none

IT’S THE RIGHT THING TO SAY

07-02-2017
by 
in 

If the past 12 months have taught us anything, it is probably not to put too much credence in opinion polls.

I was in the UK in the lead up to the Brexit vote, and there was absolutely no way that the electorate would ever vote the country out of Europe (if you believed the polls).

Similarly, late in 2016 we all watched the US election with a sense of inevitability that Hillary would soon be the leader of the free world (because, again, we believed the polls).

In both cases, the polls got it horribly wrong. People said one thing to the pollsters and did the opposite when it came to the real vote.

From this came the theory of a kind of “voter guilt”. Clearly, those being surveyed felt that they couldn’t reveal their true intentions as they feared they might be ridiculed. In effect they said the “right” thing.

So, how much credence should we put in this week’s Fairfax opinion poll that revealed almost 83% of Australians claimed to support the statement that "We rely too heavily on foreign imports and should manufacture more in Australia."

Not surprisingly, the result was heralded in the media as a vote of confidence in Australian manufacturing. However, like political opinions, sentiments like this are free. And it is certainly the “right” thing to say.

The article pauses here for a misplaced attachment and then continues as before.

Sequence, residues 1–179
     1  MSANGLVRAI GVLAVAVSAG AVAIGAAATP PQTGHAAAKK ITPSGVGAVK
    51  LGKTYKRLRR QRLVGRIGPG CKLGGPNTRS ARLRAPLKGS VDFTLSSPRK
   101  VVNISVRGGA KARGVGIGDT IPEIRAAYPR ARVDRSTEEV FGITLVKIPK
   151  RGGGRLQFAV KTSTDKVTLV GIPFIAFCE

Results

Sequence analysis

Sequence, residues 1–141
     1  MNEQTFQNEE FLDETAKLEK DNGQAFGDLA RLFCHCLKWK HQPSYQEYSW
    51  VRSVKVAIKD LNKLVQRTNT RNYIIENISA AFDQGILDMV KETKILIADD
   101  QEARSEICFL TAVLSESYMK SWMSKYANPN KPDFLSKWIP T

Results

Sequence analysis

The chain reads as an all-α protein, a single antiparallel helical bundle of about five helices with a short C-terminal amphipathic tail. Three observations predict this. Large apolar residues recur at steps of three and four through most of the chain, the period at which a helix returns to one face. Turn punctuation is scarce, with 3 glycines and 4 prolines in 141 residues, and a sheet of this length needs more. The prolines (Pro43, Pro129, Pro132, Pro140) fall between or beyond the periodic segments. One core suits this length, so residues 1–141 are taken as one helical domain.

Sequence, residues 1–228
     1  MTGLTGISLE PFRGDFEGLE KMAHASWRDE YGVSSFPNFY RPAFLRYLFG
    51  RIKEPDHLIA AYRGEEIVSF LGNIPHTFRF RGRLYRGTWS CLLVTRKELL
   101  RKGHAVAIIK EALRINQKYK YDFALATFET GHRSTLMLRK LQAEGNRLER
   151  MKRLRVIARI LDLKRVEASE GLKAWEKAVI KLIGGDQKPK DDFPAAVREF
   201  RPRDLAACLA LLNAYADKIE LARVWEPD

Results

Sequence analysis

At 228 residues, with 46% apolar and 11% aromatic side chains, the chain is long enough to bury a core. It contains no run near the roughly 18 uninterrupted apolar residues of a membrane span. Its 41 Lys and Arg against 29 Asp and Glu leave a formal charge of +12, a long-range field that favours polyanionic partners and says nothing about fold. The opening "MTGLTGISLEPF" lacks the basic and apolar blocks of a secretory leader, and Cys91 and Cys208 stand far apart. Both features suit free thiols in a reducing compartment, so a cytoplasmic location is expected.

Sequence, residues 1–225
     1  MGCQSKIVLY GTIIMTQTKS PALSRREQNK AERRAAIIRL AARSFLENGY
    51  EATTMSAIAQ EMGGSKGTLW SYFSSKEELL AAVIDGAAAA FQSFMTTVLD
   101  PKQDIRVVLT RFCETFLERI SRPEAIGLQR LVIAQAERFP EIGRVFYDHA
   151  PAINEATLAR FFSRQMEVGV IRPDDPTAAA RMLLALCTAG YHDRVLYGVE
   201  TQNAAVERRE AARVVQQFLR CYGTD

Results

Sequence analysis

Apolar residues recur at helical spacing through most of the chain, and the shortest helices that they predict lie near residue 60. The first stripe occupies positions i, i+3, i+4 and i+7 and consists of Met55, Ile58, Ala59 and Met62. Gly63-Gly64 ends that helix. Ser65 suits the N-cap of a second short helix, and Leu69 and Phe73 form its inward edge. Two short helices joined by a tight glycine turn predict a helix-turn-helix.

But will these 83% of Australians follow up their sentiments with deeds? Will they put their money where their mouths are?

Sadly, this time it is all too easy to predict what comes next.

Related news & editorials

  1. 14.01.2019
    14.01.2019
    by      In
    The future may well be electric, but for now, Australia remains heavily reliant on oil – both for personal transportation and for the vast bulk of the supply chain. So why has the country allowed its oil reserves to run at a perilously low level?
    Australia is a signatory to an International Energy... Read More
  2. 14.11.2018
    14.11.2018
    by      In
    Although not strictly cyber-espionage, the story of the Great Seal Bug (aka The Thing), to which I alluded in an earlier editorial, holds many lessons that are still of relevance to today’s security landscape.
    The bug in question was a large wooden carving of the Great Seal of the United States... Read More
  3. 28.09.2018
    28.09.2018
    by      In
    If there was ever an over-used (and mostly misused) term in the current political lexicon it would have to be the “national interest”. We are told that it would not be in the national interest for Chinese companies to control too much of our national energy infrastructure. And a short while ago it... Read More
  4. 13.09.2018
    13.09.2018
    by      In
    I was intrigued to hear of a study released this week from the University of Waterloo in Canada that concluded that companies should avoid scheduling important work tasks immediately following an election.
    Psychologists from the university surveyed a sample of American voters, asking them to rate... Read More